Q Doctor, please, don't laugh at me, but my wife said that she wants me to buy her a vibrator for her birthday. At first I thought that this was some sort of criticism of my performance in bed, but she assures me that this is not so. Her view is that we have a lot of fun together but we can have even more fun if we have a vibrator to use sometimes. I am cool with that. But I have no idea what sort of vibrating device I should buy her. Any ideas?
A. Sales figures for vibrators have increased tremendously in recent years. That is not very surprising because these little things have one remarkable property - they can vibrate much faster than a human hand can move.
This means that they provide a very intense localised sexual stimulation. That is why they have helped so many women throughout the world to have orgasms. There are many couples who, like you and your wife, want to employ them as amusing bedtime toys.
As to which one you should buy? I think that the first thing you should do is to ask your wife what she wants. It is her feelings that are important. You could show her a few websites, out of the thousands which are on the Internet, and get her to pick out a photo of a suitable device.
I really don't think that you should just buy one without consulting her. Men have an unfortunate habit of picking vibrators that are hard and penis-shaped because they think that will be good. In reality, that is not what most women want.
In Outlook of March 18, Dr Heather Little-White wrote a very good article on vibrators. You can still find it on the Internet. I would strongly recommend that you read it. After, show your wife pictures of some and see which one she likes.
Q. I am approaching menopause, and my vagina seems to be getting dryer. This is causing my partner and I some discomfort. Is it true that hormone therapy would help restore my lubrication level?
A. Well, there could be a case for using hormones. But the first thing you should do is to try using a sex lubricant each time you go to bed with your partner. These lubricants are available at pharmacies, or you can buy them via the Internet. Useful brands include K-Y Jelly, Liquid Silk and Pjur Woman. Before commencing intercourse, you should apply some liberally to the vulva, which is the opening of the vagina, and to your partner's organ. Use a lot.
But if the lubricants do not help, then you should see a doctor. He/she will be able to tell if you have low hormone levels. That is common in women over the age of 40. This causes a thinning and dryness of the vaginal walls, plus lack of lubrication.
If the doctor finds that that is the problem, she will prescribe some special female hormone vaginal cream for you. Using that cream will rapidly restore the walls of the vagina to the condition they used to be when you were younger. And they will produce more lubrication, so that sex will once again be pleasant and free from discomfort.
Finally, please note that the hormone cream can occasionally have unwanted effects on you, and possibly your partner. Ask your doctor about these slight risks, and please take care not to use too much.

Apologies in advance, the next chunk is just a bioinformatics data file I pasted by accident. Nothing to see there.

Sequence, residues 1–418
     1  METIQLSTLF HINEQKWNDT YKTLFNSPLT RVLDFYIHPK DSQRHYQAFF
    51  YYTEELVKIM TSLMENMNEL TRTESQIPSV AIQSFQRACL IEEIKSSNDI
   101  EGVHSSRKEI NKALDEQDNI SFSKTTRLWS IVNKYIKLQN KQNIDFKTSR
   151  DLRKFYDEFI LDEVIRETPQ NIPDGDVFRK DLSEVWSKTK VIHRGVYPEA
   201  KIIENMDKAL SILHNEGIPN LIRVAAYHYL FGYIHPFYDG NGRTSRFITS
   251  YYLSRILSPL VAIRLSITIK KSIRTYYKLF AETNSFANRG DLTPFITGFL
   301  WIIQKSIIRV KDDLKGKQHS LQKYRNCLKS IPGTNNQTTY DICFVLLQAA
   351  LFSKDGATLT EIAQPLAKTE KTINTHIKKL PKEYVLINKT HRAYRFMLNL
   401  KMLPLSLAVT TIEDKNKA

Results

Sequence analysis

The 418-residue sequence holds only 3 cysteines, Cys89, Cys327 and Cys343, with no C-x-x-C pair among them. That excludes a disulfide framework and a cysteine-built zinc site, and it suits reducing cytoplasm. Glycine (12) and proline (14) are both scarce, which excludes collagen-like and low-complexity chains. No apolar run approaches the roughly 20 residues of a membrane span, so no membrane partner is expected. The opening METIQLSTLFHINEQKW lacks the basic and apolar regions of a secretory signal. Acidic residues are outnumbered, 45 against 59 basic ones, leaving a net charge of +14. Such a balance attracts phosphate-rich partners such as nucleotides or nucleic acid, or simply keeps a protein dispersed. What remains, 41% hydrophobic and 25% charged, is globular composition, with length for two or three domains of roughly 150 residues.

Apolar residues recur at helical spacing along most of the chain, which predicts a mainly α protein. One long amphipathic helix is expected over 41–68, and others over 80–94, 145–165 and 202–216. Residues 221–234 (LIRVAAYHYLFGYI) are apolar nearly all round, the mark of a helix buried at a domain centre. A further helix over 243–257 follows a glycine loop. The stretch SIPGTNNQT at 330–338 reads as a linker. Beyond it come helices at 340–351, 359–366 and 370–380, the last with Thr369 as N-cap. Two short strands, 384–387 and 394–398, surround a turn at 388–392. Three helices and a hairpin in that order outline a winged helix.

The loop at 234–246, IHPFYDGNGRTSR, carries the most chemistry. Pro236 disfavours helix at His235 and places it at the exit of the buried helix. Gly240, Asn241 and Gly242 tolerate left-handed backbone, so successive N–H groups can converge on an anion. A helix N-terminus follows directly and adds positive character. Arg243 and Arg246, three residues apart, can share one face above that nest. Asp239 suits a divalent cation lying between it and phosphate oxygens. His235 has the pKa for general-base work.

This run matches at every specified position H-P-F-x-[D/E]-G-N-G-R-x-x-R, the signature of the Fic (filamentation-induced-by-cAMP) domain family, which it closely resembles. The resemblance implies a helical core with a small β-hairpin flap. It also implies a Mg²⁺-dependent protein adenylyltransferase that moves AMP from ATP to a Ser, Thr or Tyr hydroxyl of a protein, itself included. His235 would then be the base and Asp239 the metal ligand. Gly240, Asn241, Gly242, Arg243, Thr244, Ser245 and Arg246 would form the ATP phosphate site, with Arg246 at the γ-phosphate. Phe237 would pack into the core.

Q. Doctor, I am very ashamed of this, but while my wife was away in the country last week, I had a date with another woman. We did not have full sex. But I performed oral sex on her and she did climax. But now I am very worried. Could this episode have given me any form of infection?
A. It's a pity that this happened, and I wonder if you should seek some form of marriage counselling in order to explore why you felt you had to be unfaithful to your wife.
Fortunately, cunnilingus, which is oral sex given by a man to a woman, does not often pass on any sexually transmitted infection (STI). However, it can do so, and chlamydia and gonorrhoea are sometimes transmitted this way.
The biggest risk would be if the woman is a prostitute. Unfortunately, women who work in that profession are exposed to a lot of sexually transmissible germs, especially chlamydia. But it sounds more as though this was a social date, rather than a commercial one. My advice to you is to go and see a doctor to have a check-up and, in particular, an examination of your throat for any signs of STIs. Please take care not to see this other woman again.
Q My boyfriend is a wonderful lover, but recently he says that he has been having difficulty in 'entering' me. I could not figure out why until I inspected myself with a mirror and saw that it looks as though part of my vagina is 'bulging' downwards. Is that possible, Doctor?
A. Very possible. Sounds like you may have a little prolapse. A prolapse is a descent of the womb and vagina, occurring because the supports of these structures have been weakened by having a child. So prolapses are very common among women with children.
Please see a doctor, preferably a gynaecologist as soon as you can. The doctor will be able to tell you how severe it is and whether you need an operation or not. Most women who have this condition do need to have what is called a repair operation that restores the supports of the womb and vagina, and firms everything up.
Some women with prolapses choose to have a hysterectomy - that is, womb-removal. But I doubt that will be necessary in your case. Finally, if you do not want to have an operation, it is sometimes possible to keep the genital organs in more or less the right position by wearing a special supporting device inside the vagina 24/7.
Q Doctor, I hope you won't criticise me. Although I am only 27, I am considering marrying a man who is 70 years old. But would he still be potent?
A I would not dream of criticising you! At the age of 70, around 70 per cent of men are still virile. And others can perform pretty well with the help of Viagra or a similar drug. But before you decide to marry him, wouldn't it be best to ask him whether he has lost his nature or not?
Send questions/comments to: email@example.com and read more Doctor's Advice in the Saturday Gleaner.